Cloud Seeding - Newschannel 6 Now | Wichita Falls, TX

Cloud Seeding

The City of Wichita Falls is looking into a highly debatable technology to try to make it rain.  It’s called cloud seeding.

Rebecca Dodge, an Environmental Science Professor teacher at Midwestern State University, said cloud seeding is a technology that helps produce rain fall by putting chemicals into the air.

“It’s designed to get the water vapor to come into a form where it can fall out of the sky and become part of our water resources and water system,” Dodge said.

Public Works Director Russell Schrieber said they want to provide every opportunity for the reservoirs to catch some additional water.  This is one of the main reasons why the city is looking into cloud seeding.  The fact is, the lakes are getting lower as every day goes by.

Schrieber said, “Our projections show that if we were to just get normal rainfall, the lakes, they aren’t going to fill.”

He explained the combined lake levels would hover around 40 to 50 percent.  They also looked at scientific evidence and found that it would help increase rainfall by ten to 15 percent per storm.

 “If we can squeeze an extra 10 to 15 percent out of each rain event we’re to come by I think, depending on the cost, I think it would be money well spent,” Schrieber said.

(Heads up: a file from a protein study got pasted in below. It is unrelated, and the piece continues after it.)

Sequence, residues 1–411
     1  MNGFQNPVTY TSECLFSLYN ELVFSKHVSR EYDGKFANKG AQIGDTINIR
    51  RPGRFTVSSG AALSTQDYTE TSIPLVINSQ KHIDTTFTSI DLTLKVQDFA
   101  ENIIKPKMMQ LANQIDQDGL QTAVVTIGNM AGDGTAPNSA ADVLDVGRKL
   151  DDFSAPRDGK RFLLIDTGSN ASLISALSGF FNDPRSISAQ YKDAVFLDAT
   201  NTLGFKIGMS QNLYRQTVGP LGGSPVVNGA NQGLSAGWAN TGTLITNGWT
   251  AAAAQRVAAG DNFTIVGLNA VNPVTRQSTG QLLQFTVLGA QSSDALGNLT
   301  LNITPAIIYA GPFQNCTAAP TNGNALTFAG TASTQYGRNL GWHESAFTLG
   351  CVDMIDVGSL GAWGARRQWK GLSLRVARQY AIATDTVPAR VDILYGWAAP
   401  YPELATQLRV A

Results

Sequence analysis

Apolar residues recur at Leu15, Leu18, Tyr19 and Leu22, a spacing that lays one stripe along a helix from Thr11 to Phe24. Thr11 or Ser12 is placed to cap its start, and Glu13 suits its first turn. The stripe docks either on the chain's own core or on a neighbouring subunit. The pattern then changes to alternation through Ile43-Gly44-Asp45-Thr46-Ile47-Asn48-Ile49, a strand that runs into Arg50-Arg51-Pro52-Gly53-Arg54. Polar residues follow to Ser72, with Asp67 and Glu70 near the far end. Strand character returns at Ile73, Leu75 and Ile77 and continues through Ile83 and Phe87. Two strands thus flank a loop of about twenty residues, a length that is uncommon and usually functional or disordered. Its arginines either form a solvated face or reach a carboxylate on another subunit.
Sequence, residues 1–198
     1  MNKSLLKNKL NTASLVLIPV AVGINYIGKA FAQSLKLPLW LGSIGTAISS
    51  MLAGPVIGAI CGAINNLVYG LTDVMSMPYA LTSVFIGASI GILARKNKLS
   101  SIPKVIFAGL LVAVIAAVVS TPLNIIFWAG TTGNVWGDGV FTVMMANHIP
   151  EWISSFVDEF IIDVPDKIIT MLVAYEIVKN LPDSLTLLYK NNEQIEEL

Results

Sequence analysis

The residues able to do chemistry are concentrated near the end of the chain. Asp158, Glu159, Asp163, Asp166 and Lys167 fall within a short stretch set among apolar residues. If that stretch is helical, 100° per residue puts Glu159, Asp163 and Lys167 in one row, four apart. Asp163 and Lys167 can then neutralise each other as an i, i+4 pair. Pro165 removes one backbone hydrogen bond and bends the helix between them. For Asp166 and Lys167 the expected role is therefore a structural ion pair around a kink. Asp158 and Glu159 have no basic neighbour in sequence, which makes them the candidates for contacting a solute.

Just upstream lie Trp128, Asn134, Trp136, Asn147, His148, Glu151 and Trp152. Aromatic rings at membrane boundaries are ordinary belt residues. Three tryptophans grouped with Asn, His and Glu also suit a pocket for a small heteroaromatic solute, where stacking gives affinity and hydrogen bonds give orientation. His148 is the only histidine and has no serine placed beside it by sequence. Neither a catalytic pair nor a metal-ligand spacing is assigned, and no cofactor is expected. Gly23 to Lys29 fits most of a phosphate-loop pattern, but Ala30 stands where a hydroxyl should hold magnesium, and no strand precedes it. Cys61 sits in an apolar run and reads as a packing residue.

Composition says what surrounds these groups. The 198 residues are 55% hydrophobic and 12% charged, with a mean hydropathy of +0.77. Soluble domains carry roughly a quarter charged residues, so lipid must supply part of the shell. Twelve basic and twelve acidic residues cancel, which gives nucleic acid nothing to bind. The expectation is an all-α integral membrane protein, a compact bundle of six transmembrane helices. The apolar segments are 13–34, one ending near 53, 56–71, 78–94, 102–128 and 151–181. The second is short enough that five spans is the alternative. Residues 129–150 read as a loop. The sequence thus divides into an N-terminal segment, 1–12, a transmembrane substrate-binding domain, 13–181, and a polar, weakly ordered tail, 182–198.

However, in order for cloud seeding to be successful, a lot of people have to get involved.  Schrieber explained they will need a licensed contractor, a licensed meteorologist to monitor the radar, a plane stationed in Wichita Falls equipped with the chemicals, and a pilot on standby at all times.

Many people would benefit from the extra rain, but some residents are concerned about the damage it could have on the environment.  However, Dodge explained that the amount of chemicals being released into the air, aren’t at a high enough concentration level to be harmful.

Dodge said, “The concentration (of silver iodide) that they actually put into the clouds is very low and in fact if they try to see if this rain fall came from a seeded cloud, they can’t find the traces of silver.”

The city is still in the investigation phase so Schrieber couldn’t talk about how much the seeding could potentially cost.

He explained, “It’s not a done deal by any means.  We are just in the process of investigating and to see if it’s something we would want to possibly entertain this spring.”

Schrieber said they hope to have a decision about cloud seeding by March.

Alexandra McClung, Newschannel 6
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